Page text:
# Section 6.12 Use of simulink with control

## Introduction

Simulink is a powerful tool within the MATLAB suite for modelling and simulating system behaviour, especially where the interconnections are complicated and/or there are non-linear components. Being a visual environment, it is straightforward to see how different components relate to each other and thus to construct models representing complex systems.

It is not the purpose of this section to give an introductory or detailed tutorial to simulink which are available on 'onramp'. Rather the purpose here is to give examples of focused case studies which illustrate some simple scenarios that are directly relevant to a modelling, dynamics and control undergraduate course. It is hoped that, for someone already competent in the use of MATLAB, these simple examples will be enough for students to make progress with any basic requirements. The livescript files all have more detailed explanation of the context, tasks and programming.

We have added these files to the control101 toolbox, but the draft versions are also available separately in the following folder. If accessing files from the toolbox, it would be quicker and easier to use the short cuts available by using one of the commands:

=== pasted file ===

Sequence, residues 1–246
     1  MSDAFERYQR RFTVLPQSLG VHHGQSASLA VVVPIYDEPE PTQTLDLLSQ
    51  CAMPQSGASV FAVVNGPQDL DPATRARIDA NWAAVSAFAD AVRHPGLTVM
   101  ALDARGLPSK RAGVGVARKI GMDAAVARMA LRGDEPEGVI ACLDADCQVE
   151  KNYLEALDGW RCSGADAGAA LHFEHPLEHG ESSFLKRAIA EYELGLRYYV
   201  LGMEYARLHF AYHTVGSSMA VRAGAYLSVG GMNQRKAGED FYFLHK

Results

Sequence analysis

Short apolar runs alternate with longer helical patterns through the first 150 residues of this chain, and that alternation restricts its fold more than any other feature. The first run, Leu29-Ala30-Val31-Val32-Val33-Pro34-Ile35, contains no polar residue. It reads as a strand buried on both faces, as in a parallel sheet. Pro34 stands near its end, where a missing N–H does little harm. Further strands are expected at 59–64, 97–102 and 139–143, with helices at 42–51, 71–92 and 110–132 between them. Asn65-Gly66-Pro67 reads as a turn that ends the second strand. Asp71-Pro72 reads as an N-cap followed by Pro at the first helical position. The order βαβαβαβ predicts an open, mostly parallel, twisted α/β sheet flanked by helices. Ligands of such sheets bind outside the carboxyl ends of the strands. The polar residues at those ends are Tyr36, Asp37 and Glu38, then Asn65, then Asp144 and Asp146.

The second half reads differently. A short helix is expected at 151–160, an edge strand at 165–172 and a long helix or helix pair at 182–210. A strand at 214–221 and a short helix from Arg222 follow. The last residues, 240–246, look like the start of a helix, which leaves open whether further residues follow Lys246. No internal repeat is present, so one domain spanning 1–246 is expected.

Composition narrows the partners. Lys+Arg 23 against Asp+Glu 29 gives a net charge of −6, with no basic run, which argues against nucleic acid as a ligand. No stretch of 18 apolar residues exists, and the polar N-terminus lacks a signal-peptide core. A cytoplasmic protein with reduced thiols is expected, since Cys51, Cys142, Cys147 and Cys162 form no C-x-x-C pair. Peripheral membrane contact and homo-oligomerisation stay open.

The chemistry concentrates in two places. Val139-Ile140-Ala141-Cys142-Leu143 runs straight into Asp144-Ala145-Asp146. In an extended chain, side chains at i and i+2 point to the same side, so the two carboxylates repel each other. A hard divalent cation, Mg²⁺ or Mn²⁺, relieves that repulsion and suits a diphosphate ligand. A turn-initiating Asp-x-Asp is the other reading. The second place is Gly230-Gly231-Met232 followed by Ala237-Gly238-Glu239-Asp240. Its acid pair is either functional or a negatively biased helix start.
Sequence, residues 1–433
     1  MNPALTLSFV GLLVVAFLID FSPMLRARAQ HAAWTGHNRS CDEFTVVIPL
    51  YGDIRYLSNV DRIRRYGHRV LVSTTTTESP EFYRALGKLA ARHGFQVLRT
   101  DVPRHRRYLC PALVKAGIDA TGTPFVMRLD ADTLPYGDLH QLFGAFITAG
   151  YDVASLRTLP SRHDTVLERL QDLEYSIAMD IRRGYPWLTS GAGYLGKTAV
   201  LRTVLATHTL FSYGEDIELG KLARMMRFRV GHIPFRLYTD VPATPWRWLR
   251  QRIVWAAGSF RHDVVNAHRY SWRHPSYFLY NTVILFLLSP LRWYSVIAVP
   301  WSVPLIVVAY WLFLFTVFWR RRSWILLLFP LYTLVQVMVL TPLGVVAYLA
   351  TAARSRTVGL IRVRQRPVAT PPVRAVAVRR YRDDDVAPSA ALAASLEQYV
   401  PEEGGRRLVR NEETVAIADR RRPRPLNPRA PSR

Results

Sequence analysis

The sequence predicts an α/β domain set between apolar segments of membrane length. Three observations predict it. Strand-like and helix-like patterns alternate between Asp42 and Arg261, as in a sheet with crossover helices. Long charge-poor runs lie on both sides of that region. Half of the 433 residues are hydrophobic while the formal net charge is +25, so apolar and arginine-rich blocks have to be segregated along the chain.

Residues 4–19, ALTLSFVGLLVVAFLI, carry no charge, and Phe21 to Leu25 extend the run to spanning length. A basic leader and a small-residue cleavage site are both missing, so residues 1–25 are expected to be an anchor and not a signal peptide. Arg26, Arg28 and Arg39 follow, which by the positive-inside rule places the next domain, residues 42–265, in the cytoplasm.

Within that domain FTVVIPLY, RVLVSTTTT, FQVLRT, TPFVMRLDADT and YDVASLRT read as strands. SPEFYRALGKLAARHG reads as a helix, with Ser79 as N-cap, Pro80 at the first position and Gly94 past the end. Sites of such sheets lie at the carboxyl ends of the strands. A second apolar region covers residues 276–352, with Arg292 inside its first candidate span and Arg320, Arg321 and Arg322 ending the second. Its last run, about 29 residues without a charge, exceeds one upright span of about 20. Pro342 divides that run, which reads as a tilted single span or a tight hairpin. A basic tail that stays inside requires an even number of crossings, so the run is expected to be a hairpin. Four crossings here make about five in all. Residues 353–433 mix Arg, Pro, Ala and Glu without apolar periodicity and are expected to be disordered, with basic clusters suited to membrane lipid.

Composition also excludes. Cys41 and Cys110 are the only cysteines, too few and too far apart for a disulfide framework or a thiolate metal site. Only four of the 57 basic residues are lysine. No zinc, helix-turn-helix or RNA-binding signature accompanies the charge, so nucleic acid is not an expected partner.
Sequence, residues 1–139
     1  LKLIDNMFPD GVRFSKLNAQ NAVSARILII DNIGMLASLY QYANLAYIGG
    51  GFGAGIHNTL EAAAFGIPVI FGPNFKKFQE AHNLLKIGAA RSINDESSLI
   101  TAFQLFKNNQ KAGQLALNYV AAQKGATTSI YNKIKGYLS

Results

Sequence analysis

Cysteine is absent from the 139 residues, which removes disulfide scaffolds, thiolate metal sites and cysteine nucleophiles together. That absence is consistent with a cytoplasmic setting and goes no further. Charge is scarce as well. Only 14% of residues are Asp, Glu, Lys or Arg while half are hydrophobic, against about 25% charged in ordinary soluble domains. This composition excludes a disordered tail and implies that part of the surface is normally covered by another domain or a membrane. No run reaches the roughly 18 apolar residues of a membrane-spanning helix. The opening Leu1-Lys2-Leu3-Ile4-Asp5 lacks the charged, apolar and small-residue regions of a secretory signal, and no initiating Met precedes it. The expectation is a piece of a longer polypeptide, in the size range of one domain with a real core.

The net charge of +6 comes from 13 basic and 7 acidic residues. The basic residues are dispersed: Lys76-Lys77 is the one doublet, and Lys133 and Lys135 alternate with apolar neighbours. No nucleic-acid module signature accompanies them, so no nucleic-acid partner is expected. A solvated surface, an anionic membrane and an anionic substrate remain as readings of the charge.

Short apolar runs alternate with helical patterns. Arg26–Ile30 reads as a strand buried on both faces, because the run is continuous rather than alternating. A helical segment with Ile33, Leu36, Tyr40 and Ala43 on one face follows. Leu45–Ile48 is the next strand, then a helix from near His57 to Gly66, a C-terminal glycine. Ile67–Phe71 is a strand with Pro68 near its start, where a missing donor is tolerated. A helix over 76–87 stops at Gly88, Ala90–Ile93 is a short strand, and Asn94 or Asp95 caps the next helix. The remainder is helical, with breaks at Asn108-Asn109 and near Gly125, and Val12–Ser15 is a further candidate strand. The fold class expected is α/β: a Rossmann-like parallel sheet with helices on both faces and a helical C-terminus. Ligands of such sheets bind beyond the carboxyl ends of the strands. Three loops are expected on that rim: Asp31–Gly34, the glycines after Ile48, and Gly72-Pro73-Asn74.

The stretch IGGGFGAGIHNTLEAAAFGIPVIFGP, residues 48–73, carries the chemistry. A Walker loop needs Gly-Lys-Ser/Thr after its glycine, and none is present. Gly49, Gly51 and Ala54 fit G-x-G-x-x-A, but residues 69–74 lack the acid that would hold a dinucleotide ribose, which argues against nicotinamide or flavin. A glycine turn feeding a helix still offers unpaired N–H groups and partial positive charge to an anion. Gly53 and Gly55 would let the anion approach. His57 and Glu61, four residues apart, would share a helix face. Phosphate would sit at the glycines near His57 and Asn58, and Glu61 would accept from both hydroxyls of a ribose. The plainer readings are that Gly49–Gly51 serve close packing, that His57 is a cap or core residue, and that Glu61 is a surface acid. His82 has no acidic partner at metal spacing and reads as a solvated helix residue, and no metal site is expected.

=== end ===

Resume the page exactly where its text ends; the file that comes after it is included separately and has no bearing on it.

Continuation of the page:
>> doc Control101 Toolbox (short cuts open in a different window)

>> help control101 (short cuts appear in command window)

## A. Simple introduction - open-loop and closed-loop

The first resource uses the app environment. In essence it is delivered like a virtual laboratory - the file is named myfirstimulink_control101.mlapp and the initial interface looks like the image here.

When running this app, two other files are opened automatically: i) the manual which gives detailed step-by-step instructions and ii) a simulink file containing the components required for the tasks. The idea is to introduce students gently to the concept of constructing the block diagrams within the simulink window, while not exposing them too much to data entry and simulation; the app handles these details in the background. The tasks encourage the user to become familiar with a limited toolset and also the important concept of how data is returned to the workspace for further processing and precise plotting.